As an aside, if you are in your mid 30’s right now, you may or may not be a member of a pension scheme with an employer, irrespective of that fact I can’t encourage you enough to spend a little time determining what type of lifestyle you would like to have in retirement, and how much you think you would need to have in order to achieve that. Once you have figured that out do the maths! For example, if you are 35, will retire at 65, want to have the €50k as above, so a pot of €650k, and have saved €40,000 so far in a pension pot, you need to be putting approximately €7,000 per year aside from now, and having it grow at 5% Net per year, simple! (Thanks to a kind reader for reminding me to include the fact that you will need to adjust upwards to account for inflation in these calculations obviously!).

If you have recently transitioned from full time employment or are planning on doing so in the near future then you may be looking at a slightly different angle on this. You have your pot established, good or bad as it may be in your eyes. If you apply the 4% Rule it may make you delighted or despair, but as a friend of mine says ‘we are where we are’! If 4% of your pot is a figure that will give you the lifestyle you desire then according to Bengen you have every chance of successfully outliving your money. If however 4% falls short of generating the income you seek then you have some options, non of which are ideal:

  1. Take a higher % of your pot each year. This is an interesting one, because there are those that say your spending will reduce dramatically as you get older. When you hit 80 and beyond you may be less able to travel, do things that cost money. For that reason some say the 4% Rule is TOO CONSERVATIVE, and that you should spend more 6,7,8,9,10% per year…..but this is a gamble and one which could lead to a life of little dignity and freedom if money runs out
  2. Don’t increase your withdrawal in line with inflation. Again, may not be a terrible outcome and one which could potentially mean you draw a higher % initially and it could last until you shuffle off this mortal coil!
  3. Spend less. The most obvious of the 4 main options, relies on you just taking less than the 4% and potentially do less of the things that you enjoy
  4. Keep working until such point as you have enough money/less years to sustain

None of these are ideal, and if you are in that position I do empathise, particularly if  circumstances do stop you from doing things that you would have loved to do. All I can suggest to the rest of us is to make it our mission to ensure we do not suffer the same options when we get to the time when we transition out of full time employment.

What Portfolio:

I mentioned above that Bengen’s research suggested the Safe Withdrawal Rate was dependant on the pot being invested and staying invested during both the ups and downs of the equity and bond markets. Traditionally it has been advised (in Ireland at least) that once you hit retirement you need to ensure all your savings are in ‘safe assets’ beacuse ‘well you are old now and can’t afford to take any risk’! Total and utter nonsense I’m afraid. The only safe place to be is in assets that have proven to deliver growth. We saw what happens if you get no return (think cash savings), suggesting that the only safe place IS exactly where conventional wisdom suggests it is not! Bengen has the following to say on the subject of how much of your pot should be in a well diversified portfolio of equities and how much should be in Bonds.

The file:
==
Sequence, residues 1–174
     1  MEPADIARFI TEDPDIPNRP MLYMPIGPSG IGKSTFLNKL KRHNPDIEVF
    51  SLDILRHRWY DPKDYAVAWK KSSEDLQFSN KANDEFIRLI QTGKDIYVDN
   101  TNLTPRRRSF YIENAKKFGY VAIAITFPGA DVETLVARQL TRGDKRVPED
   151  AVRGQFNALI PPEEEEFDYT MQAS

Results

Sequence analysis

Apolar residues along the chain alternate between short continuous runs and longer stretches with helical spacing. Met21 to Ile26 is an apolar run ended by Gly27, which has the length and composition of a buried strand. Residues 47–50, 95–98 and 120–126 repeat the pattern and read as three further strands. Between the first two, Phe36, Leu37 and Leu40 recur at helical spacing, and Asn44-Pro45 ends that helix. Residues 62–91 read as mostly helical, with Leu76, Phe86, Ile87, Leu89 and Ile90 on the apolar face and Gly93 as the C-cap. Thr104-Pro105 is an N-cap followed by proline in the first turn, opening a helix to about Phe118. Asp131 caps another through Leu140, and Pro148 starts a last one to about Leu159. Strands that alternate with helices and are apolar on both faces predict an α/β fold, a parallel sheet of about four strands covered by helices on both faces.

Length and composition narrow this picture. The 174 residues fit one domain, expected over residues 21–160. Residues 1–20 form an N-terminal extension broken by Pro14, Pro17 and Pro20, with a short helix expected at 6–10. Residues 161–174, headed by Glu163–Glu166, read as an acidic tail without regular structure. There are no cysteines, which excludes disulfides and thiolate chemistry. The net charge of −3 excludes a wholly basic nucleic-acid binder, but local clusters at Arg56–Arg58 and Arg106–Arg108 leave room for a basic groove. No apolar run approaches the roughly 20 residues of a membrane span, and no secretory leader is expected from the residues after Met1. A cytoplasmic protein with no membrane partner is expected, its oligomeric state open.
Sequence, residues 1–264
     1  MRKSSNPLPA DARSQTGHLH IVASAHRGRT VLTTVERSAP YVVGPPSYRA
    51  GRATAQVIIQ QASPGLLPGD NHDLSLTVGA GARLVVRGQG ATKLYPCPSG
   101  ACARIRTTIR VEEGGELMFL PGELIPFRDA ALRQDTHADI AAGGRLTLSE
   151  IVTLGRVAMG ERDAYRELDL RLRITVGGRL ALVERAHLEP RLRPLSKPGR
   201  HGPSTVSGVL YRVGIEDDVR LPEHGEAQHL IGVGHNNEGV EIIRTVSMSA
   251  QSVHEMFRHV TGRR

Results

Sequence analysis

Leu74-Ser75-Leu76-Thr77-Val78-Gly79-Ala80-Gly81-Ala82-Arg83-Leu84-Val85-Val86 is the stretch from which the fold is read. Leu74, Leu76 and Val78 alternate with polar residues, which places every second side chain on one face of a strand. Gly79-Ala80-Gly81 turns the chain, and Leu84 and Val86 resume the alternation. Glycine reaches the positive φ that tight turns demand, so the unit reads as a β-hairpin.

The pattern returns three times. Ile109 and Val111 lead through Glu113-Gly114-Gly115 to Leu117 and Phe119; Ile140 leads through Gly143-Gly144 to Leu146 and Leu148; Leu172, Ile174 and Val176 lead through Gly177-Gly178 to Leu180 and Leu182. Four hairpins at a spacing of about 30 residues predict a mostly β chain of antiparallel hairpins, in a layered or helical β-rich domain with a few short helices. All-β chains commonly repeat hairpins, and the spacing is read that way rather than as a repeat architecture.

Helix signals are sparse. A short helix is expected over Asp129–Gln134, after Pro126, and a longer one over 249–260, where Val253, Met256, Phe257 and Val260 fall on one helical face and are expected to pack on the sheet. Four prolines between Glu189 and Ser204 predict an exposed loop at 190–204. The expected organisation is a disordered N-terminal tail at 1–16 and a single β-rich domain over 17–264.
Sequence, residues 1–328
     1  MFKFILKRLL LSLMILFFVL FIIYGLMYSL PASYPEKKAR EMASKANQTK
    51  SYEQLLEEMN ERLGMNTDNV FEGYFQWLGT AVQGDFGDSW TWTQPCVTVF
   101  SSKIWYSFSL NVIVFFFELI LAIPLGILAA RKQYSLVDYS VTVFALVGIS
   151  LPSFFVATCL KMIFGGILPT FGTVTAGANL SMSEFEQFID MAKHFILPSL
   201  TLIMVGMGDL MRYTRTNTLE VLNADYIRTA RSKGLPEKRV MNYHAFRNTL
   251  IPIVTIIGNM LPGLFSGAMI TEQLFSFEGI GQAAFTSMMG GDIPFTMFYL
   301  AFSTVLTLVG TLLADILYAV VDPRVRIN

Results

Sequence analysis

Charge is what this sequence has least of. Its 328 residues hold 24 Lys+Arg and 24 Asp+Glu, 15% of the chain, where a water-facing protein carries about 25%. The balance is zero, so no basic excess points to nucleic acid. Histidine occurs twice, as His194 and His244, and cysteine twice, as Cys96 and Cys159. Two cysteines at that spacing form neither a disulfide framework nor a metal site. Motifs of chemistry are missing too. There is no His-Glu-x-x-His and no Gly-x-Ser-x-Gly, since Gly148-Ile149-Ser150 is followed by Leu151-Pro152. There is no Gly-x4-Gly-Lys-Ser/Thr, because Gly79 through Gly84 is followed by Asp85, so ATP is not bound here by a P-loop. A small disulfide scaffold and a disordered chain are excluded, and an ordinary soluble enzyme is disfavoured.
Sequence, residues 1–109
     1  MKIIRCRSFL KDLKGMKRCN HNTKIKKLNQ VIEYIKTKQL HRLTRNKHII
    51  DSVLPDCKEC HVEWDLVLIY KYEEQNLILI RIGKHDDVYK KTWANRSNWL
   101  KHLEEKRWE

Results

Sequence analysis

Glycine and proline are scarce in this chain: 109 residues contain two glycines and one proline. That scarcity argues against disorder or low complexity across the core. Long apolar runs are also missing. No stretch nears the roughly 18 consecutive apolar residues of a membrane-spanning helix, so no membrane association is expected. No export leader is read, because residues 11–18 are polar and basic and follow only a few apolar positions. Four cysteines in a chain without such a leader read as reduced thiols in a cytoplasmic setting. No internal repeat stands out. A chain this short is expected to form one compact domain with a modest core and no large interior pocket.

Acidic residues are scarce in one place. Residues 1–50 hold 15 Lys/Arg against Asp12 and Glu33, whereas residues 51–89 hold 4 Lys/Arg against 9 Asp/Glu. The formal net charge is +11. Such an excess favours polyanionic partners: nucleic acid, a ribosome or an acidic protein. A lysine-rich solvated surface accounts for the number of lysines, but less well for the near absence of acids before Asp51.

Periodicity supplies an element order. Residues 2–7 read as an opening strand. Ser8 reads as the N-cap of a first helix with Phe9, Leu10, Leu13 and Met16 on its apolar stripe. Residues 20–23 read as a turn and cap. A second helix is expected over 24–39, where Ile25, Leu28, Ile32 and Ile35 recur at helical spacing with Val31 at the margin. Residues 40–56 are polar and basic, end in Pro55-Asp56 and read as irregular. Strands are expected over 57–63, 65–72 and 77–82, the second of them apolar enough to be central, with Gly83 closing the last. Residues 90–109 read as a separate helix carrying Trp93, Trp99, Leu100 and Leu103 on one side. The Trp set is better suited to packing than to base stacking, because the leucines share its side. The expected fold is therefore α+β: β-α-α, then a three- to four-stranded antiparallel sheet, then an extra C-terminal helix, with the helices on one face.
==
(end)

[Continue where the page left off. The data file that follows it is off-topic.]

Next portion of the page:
“Stock allocations lower than 50 percent are counterproductive, in that they lower the amount of accumulated wealth as well as lowering the minimum portfolio longevity. Somewhere between 50-percent and 75-percent stocks will be a client’s “comfort zone.”

What Bengen points to here is that unless you invested at least half of your pot in Equities, based on the historical returns of over 100 years, even taking into account all of the terrifyingly scary bear markets and recessions, you would have lost out on years of income. If you have not then I strongly suggest you read this piece we did a few months back which only supports the evidence that Bengen so scientifically arrived upon many years ago.

The 4.5% Rule

This may or may not be the right time to introduce this (i wasnt sure where to put it!) but Bengen has since increased his 4% to 4.5% and suggests that you should be able to safely withdraw 4.5% in your first year, throw away the % and just increase the amount you take in year 2 by whatever last years’ rate of inflation was. Indeed he has also called-out the fact that in many scenarios one could safely take 6-7% and not run out within 30 years, however the 4/4.5% allows for a major bear market such as 2008, at the very start of your withdrawal stage and still be safe, however a 7% rate from day 1 leaves one exposed to such bears, and nobody wants to be exposed to a bear of any kind I shouldn’t think!


I honestly don’t know if Revenue were reading Bengen’s research when they slapped the ‘imputed distribution’ of 4% (from 61) and 5% (from 71) on holders of ARFs in this country, or if it was purely greed meeting convenience, either way if we are to still go by Bengen’s research then it might not be far off the mark as a draw-down strategy, or as a means to calculate how much you should be aiming to squirrel-away for when your time to transition comes!

Thanks for reading, please tell a friend……You’re a Legend!

Paddy Delaney

QFA | RPA | APA | Qualified Coach